New York mob suspects admit to vendetta arson, robbery

FILE PHOTO - Reputed Bonanno crime family leader Vincent Asaro departs Brooklyn Federal Court in New York

By Peter Szekely

NEW YORK (Reuters) – Three men, including the late mobster John Gotti’s grandson, admitted on Tuesday that they torched a car because its driver cut off a reputed Bonanno crime family associate in traffic in April 2012, prosecutors said.

Prosecutors said Vincent Asaro, 82, who was cleared in November 2015 of involvement in the famed 1978 Lufthansa airport heist that helped inspire the movie “Goodfellas,” became enraged when a motorist moved in front of his car at a traffic light.

John J. Gotti, Matthew “Fat Matt” Rullan and Asaro, an alleged member of the Bonanno crime family, pleaded guilty in U.S. District Court in Brooklyn to charges related to the arson and robbery under an agreement with federal prosecutors, said John Marzulli, a spokesman for Acting U.S. Attorney Bridget Rohde. They are set to be sentenced on Oct. 24.

After chasing the car, Asaro tracked down its owner’s address and arranged for a fellow Bonanno crime family associate to set fire to the car, prosecutors had said. Gotti, 23, and Rullan, 26, were recruited and torched the car on April 4, 2012, they added.

Asaro pleaded guilty to violating the federal Travel Act, and admitted to his involvement in the vendetta arson, the spokesman said. He faces to up 20 years in prison and a $250,000 fine and has agreed to repay the car’s owner.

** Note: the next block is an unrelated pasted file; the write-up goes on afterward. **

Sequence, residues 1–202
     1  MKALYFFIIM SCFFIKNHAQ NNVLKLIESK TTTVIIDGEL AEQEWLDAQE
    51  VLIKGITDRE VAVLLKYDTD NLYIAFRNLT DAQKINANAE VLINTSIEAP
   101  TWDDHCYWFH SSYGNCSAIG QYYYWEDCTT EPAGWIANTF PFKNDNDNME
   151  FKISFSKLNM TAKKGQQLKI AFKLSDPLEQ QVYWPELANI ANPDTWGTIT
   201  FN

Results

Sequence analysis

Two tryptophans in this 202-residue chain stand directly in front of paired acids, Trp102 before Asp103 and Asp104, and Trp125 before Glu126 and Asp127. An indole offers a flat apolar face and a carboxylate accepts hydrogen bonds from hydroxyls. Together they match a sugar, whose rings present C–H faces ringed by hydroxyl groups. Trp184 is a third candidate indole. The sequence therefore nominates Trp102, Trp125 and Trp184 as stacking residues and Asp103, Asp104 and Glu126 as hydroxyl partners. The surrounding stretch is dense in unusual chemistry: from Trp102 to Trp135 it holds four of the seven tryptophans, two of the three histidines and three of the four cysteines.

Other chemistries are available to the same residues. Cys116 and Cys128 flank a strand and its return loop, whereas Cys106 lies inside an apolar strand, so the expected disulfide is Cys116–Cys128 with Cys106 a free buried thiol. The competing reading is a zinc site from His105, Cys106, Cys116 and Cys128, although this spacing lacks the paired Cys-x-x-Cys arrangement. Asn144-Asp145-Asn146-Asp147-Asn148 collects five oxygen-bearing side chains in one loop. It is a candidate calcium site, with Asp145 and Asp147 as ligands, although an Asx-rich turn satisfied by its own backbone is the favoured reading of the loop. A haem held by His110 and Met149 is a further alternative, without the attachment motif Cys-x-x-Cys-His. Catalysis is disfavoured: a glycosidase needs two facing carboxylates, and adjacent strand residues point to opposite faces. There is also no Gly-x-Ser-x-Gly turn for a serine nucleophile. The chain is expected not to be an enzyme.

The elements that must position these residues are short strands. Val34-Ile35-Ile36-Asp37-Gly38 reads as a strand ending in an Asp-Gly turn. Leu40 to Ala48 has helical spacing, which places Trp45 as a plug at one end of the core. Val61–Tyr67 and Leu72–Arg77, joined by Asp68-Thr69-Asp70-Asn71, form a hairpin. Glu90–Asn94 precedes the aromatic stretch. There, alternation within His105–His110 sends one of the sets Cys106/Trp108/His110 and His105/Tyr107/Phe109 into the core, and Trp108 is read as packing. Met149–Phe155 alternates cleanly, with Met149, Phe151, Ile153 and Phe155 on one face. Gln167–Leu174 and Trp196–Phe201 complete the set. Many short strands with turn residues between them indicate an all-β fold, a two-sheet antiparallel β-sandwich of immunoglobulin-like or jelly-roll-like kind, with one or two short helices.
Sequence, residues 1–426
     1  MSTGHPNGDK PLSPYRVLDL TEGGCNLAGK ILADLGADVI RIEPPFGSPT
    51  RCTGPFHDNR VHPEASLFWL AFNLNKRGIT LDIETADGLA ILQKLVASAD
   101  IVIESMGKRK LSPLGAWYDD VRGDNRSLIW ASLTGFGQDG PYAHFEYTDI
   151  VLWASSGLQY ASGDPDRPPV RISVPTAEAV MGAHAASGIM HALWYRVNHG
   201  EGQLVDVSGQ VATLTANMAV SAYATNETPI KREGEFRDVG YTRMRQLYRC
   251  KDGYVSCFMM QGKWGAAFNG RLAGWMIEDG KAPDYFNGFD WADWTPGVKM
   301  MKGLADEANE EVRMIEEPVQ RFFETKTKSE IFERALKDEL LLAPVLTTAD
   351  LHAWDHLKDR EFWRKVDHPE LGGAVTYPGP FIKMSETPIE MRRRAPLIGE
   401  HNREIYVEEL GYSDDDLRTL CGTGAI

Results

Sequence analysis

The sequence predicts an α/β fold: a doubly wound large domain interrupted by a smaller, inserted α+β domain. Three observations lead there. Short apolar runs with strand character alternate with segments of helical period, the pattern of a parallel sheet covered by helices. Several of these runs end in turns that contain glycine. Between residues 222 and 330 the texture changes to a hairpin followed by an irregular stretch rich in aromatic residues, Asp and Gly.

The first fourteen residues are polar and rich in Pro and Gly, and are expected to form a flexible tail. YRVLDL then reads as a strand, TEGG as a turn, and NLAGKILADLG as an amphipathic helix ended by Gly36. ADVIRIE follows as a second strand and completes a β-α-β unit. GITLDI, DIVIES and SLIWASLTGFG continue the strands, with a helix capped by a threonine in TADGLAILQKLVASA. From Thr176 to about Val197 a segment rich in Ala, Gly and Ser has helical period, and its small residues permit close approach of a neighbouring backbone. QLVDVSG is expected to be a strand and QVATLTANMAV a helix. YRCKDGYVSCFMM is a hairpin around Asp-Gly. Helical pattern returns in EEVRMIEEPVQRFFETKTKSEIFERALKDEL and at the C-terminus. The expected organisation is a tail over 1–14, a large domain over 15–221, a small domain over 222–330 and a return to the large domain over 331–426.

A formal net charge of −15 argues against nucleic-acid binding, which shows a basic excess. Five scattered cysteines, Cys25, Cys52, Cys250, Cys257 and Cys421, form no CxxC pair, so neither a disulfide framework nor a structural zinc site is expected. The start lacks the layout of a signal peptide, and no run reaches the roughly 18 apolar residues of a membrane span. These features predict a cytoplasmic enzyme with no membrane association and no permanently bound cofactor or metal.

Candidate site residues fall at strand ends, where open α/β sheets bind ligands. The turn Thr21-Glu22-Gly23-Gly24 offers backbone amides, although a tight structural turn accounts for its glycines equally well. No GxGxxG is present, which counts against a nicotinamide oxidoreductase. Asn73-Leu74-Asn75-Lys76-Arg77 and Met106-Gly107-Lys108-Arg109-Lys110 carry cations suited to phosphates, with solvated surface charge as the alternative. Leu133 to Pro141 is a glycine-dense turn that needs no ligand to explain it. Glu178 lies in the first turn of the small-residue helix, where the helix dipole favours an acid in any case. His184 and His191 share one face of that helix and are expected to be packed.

Gotti pleaded guilty to arson, prosecutors said. He also admitted to taking part in the robbery of $5,941 from the Maspeth Federal Savings and Loan Association in which prosecutors said he and Rullan manned the getaway care on April 28, 2012.

Gotti faces up to 20 years in prison and a $250,000 fine. He is already serving an eight-year state prison sentence after pleading guilty on March 2 to selling oxycodone, an opioid prescription pain drug.

Gotti’s infamous grandfather, dubbed the “Teflon Don” for long escaping conviction, eventually went to prison and died behind bars in 2002.

Rullan, who remains free on $1 million bail, admitted taking part in the arson and pleaded guilty to the bank robbery, for which he faces up to 20 years in prison.

Gotti and Rullan also admitted to taking part in a bank heist in New York’s Queens borough, they said.

Another defendant in the Maspeth savings and loan robbery, Michael Guidici, 22, is scheduled to go to trial this fall. Prosecutors say he handed a teller a note saying “I HAVE A BOMB.”

(This version of the story was refiled to restore dropped first name and middle initial of John J. Gotti in 2nd paragraph)

(Reporting by Peter Szekely; Editing by Taylor Harris)